The appearance of the website and a documentary touting the movie to be a true story kept people guessing and vacillating between believing that it is real and wondering if it's all made up.  It's this indecision in the audience that enabled the movie to be so scary, and it's what made "The Blair Witch Project" such a huge success.

In fact, "The Blair Witch Project" had such a profound influence on movie making that it coined the phrase "found footage film." Just look at the poster for the movie, it clearly says it in the last sentence, "A year later their footage was found." That phrase is a part of the text that shows at the beginning of the film. Prior to "The Blair Witch Project," these types of movies, starting with "Cannibal Holocaust", were called mockumentaries by film critics. Now, they are called found footage films. There. Now you know some movie history. Pretty neat huh?

Unfortunately, the wild success of the independent film caused Sanchez's next film "Book of Shadows: Blair Witch 2" to be considered a huge let-down for the fans and an office box failure. Which surprised me, as it happens to be one of my favorite movies. At any rate, the second Blair Witch movie didn't make as much money as the first, and the third planned installment of the franchise was cancelled. Since then Eduardo Sanchez and Daniel Myrick left the Blair Witch behind them.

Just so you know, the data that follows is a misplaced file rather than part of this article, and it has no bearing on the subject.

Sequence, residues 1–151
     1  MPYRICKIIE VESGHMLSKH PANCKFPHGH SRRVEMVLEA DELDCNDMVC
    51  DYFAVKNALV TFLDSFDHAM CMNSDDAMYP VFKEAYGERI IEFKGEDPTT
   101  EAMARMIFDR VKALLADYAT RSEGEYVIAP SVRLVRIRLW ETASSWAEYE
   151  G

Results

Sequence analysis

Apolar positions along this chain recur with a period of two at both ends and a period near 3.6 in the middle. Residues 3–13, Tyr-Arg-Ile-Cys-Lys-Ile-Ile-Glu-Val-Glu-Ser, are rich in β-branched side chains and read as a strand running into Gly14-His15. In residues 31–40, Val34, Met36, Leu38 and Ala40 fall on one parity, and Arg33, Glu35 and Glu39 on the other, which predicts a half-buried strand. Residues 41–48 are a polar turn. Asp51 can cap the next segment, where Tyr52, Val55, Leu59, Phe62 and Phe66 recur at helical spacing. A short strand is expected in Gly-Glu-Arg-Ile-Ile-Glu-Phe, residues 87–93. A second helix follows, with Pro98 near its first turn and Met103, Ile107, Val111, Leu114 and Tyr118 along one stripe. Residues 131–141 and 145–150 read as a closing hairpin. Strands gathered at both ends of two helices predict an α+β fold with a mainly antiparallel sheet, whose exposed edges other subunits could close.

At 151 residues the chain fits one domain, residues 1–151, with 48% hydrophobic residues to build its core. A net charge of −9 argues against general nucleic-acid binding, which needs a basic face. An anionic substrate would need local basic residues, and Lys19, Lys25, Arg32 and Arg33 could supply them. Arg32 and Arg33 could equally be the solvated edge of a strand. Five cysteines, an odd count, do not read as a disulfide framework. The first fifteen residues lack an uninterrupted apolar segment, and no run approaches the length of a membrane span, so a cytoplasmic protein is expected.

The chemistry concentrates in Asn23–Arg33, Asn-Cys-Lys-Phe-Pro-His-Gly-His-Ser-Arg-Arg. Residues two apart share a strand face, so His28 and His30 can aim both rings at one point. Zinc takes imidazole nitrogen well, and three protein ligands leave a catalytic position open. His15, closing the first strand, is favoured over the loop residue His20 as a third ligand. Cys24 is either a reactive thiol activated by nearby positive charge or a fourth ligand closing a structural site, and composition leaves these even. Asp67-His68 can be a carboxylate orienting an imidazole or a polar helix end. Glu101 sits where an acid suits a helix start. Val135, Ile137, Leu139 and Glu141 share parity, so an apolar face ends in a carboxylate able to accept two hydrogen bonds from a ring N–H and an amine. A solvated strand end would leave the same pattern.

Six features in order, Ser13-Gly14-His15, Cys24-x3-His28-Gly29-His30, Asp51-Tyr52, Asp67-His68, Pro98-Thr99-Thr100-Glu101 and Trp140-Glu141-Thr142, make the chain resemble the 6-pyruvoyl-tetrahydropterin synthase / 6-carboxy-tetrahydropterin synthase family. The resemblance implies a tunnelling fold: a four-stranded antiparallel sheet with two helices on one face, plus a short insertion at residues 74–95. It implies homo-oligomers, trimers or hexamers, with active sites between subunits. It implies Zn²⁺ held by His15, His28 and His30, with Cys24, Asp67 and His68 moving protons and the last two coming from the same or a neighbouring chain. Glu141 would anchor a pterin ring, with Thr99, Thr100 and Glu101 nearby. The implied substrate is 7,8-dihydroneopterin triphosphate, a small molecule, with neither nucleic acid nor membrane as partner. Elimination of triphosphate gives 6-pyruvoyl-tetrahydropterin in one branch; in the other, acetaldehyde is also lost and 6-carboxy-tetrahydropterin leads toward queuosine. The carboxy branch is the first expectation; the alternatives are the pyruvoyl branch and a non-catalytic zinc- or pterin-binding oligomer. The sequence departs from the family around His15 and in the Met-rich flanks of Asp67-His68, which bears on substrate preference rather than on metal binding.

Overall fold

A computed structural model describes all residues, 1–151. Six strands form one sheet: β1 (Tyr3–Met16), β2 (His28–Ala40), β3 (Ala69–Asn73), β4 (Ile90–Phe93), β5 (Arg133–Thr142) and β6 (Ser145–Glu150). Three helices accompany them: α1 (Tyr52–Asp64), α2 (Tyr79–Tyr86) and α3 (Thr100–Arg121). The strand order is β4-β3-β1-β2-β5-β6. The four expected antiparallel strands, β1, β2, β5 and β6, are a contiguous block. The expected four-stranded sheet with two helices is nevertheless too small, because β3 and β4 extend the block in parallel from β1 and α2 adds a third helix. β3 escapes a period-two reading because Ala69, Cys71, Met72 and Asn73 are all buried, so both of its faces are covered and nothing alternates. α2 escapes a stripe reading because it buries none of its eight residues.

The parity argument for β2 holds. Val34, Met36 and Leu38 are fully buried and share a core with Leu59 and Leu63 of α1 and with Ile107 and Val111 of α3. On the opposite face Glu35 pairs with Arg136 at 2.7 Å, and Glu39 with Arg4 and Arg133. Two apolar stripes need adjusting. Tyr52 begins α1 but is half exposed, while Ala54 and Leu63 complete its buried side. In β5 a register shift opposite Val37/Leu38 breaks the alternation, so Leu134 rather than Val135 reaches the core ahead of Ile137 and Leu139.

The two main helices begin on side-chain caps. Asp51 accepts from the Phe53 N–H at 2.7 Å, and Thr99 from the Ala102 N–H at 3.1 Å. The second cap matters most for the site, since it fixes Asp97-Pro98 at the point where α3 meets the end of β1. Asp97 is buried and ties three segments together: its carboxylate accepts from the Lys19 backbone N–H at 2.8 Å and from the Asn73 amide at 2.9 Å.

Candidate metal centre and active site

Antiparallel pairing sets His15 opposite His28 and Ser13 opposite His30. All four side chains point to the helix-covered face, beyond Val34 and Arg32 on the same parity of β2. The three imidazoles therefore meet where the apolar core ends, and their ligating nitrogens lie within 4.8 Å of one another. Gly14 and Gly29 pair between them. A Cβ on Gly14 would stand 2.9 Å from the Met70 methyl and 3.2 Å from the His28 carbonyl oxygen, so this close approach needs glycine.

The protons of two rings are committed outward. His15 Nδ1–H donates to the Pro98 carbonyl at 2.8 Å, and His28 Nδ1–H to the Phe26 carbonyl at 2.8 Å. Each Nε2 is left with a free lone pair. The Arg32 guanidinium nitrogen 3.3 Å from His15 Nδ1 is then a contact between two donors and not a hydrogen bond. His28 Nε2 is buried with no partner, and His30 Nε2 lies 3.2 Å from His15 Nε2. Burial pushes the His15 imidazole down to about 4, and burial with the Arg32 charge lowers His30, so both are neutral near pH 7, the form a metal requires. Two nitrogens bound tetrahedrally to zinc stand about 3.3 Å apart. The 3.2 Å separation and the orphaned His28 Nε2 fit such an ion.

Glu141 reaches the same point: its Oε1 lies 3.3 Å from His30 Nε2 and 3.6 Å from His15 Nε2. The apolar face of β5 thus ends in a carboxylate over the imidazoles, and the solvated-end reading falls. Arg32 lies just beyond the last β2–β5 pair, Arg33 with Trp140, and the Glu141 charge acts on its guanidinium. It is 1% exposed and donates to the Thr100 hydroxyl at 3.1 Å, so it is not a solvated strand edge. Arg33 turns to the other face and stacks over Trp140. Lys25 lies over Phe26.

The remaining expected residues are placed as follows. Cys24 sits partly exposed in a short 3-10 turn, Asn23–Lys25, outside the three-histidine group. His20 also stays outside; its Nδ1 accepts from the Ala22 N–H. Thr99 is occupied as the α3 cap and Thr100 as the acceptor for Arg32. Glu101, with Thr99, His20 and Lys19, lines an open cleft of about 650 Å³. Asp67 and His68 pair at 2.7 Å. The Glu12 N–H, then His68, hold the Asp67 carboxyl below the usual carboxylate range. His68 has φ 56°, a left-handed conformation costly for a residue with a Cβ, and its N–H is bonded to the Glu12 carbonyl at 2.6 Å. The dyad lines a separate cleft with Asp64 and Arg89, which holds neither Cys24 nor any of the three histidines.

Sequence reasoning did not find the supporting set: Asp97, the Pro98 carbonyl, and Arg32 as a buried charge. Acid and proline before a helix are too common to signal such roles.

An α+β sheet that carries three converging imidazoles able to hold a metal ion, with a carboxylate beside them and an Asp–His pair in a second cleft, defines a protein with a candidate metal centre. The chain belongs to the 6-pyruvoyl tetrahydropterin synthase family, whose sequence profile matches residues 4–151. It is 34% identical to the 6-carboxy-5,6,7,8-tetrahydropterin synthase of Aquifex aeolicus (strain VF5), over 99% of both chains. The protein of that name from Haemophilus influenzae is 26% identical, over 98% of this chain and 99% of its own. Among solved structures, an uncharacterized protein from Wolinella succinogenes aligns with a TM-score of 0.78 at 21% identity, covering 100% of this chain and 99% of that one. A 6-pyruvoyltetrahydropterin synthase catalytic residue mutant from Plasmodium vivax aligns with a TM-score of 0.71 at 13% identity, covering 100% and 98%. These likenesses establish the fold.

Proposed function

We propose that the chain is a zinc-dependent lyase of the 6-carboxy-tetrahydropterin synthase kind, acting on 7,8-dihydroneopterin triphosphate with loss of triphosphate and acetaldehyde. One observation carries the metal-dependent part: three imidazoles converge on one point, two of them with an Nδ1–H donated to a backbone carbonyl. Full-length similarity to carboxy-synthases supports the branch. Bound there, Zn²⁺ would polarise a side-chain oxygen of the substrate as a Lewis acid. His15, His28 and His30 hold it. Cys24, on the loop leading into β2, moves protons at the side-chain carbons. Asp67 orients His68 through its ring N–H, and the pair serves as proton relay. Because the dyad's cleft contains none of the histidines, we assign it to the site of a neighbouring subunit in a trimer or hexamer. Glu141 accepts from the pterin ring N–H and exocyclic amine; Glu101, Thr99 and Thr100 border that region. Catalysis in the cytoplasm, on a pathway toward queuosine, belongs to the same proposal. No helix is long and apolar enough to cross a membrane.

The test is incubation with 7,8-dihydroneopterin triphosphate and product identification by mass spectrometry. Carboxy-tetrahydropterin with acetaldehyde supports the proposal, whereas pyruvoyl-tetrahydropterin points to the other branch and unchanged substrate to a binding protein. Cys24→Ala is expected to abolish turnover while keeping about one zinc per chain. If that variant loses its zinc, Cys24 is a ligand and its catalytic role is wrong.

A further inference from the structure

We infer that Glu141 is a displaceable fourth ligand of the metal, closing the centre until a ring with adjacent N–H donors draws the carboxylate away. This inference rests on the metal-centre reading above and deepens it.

13 years later, Sanchez is back, this time with the new psychological horror film "Lovely Molly."  From what I've seen of the trailers so far, the movie seems to be a mix of traditional cinematography and hand-held found footage film style-- which harkens back to Sanchez's Blair Witch days.

Even better, they just released a two part mockumentary called "Lovely Molly: Path to Madness" that talks about the main character Molly Reynold's dark past and how she descends into utter madness. This two part series reminds me of how "The Blair Witch Project" was promoted in the first place, and it really has my curiosity piqued.

If this two part mockumentary is any indication to how much of a terrifying head trip "Lovely Molly" is going to be, I'm getting in line for tickets tomorrow. It's been quite a while since I've seen a really good, get under your skin, so scary you bite your nails off, psychological horror movie. The last one was "Don't Be Afraid of the Dark," which for some reason, a lot of reviewers absolutely hated and I adored- mainly because  it was rated R for its psychological horror aspects and not for its gory violence, nudity or bad language. I hope that "Lovely Molly" brings that special kind of horror back to the theaters, as it really is an art form to create a such suspenseful and terrifying movie.

Friday, April 6, 2012

Top 6 Zombie Movie Cliches We Could Do Without

A cliche, like the monster that will just not die, is an idea or expression that has been so overused that it has lost its strength of emotional impact. A cliche can also be a character stereotype whose actions are predictable and superficial in nature. The zombie horror movie genre is chock full of animated rotting corpses, and with any over-saturated market, it has developed its own cliches that, like the zombie itself,  really needs to be shot and put out of its misery.